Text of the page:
Proudest DIY: My big DIY was stripping my gray kitchen cabinets and the paint off my window moldings, plastering old cracks in the wall and painting them. I began the task with two kinds of pseudo green and non-toxic chemical brands to peel away eight layers of paint back to the 1920s or so. I didn’t realize what I’d gotten myself into when I decided to strip down the gray paint, but in the end it felt like a fun archaeological project discovering the different colors that previous tenants had painted the cabinets over the past hundred years or so, which ranged from many surprising hues of bright yellow to salmon pink to even a shade of burgundy. Once the cabinets were stripped, I machine and hand sanded them and painted them in Benjamin Moore’s “Chantilly Lace.” The entire project update took me close to 30 days and cost about $600.

Biggest Indulgence: My biggest indulgence over the years has been upgrading my pieces of furniture to a more modern and functional aesthetic from the vintage pieces I had collected from an antique barn in Vermont prior to moving to NY. The latest acquisition has been my rattan boho coffee table from West Elm, which wasn’t cheap as the price went up 30% in recent months, but it completes my space.

Is there something unique about your home or the way you use it? I use my home as a respite from the hustle and bustle of NY life and its busy and loud streets. According to friends, my abode apparently imparts the vibe of a treehouse. My apartment is on the top floor of a lovely 200-year-old brownstone that faces east and overlooks a lovely backyard, which is teaming with nature, a huge oak tree, apple tree, squirrels, birds like mourning doves, blue jays, cardinals, a feral cat and on occasion even invites a hungry Cooper’s Hawk to hang out.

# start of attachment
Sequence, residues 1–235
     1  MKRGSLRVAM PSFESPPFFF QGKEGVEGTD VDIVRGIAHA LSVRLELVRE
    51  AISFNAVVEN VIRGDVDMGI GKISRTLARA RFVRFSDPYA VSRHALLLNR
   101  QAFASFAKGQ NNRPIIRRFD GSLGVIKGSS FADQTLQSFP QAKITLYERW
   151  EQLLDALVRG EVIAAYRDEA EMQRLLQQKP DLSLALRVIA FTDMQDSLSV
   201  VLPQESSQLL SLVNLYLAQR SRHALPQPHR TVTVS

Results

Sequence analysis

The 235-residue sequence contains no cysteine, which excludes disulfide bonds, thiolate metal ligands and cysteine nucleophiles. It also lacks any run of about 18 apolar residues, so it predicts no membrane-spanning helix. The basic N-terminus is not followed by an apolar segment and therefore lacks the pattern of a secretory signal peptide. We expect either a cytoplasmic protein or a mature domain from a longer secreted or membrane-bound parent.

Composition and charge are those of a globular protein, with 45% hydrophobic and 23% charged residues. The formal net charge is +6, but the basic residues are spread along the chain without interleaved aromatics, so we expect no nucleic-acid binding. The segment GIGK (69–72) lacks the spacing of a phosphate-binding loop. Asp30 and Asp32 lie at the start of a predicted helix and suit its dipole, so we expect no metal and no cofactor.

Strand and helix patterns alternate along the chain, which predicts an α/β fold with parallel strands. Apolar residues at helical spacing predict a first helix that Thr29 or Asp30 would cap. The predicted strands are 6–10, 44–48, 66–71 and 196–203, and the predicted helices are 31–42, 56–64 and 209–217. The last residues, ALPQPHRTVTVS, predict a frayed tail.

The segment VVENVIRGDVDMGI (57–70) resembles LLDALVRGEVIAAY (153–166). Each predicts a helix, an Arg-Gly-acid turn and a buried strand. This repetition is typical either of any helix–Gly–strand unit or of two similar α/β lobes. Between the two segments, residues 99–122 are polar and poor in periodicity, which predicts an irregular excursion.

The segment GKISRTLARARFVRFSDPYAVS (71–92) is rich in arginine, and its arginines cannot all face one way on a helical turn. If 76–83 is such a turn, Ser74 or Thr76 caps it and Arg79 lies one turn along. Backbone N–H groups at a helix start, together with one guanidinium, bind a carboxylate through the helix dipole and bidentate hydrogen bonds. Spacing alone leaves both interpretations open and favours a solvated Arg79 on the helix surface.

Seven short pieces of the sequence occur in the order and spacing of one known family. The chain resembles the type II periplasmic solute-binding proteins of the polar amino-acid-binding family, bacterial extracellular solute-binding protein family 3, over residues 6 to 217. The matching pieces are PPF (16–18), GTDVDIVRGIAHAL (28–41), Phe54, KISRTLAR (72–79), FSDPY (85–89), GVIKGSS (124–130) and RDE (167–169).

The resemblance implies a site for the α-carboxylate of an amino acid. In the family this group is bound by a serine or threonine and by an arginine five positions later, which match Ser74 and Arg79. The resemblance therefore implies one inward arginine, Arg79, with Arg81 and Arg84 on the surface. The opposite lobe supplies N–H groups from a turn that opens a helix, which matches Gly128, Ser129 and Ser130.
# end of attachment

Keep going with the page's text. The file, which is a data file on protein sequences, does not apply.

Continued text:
What are your favorite products you have bought for your home and why? I have enjoyed the process of getting rid of things and furniture and clutter over the years, and choosing to keep and bring objects into my home that I think will only enhance or brighten up my space. I’ve had to give away an old New England rocking chair that was hard to maneuver around its sharp-edged legs. Yes, a small space requires a few pieces of furniture that are easy to move around, so pieces with rounded edges are best. I’ve enjoyed assembling a mid-century modern record player stand, which I bought from Ashley Homestore, and it has become my pride and joy, as I listen to my growing record collection. I’ve enjoyed buying colorful cushions from Joss and Main, hand woven Agowa Senagalese cane baskets of all shapes and sizes from Agowa at our Ft. Greene artisan market, and most recently some uniquely hand crafted pieces like a Laureate pitcher and a hilamos shopping bag from Plaza Bolivar, a local woman-run business that sells indigenous artisanal crafts from her native Colombia.

Finally, what’s your absolute best home secret or decorating advice? Bring nature in with plants, and if you prefer a calm environment keep it simple with a neutral palette and add a splash of color to brighten up the space. Lastly, for every three-five items you’re able give away, allow yourself to bring one object into your home that captures your heart.

This house tour’s responses were edited for length and clarity.

Erin Derby

Photographer

Originally from California, but turned New Yorker since 2000, I’ve been shooting my entire life and am still inspired and excited about it. Lately I have been putting my energies into my Fine Art, which can be seen on my website and on Saatchi Art. Being infatuated with interior design doesn’t hurt either, which mixes well with my love of photographing interiors.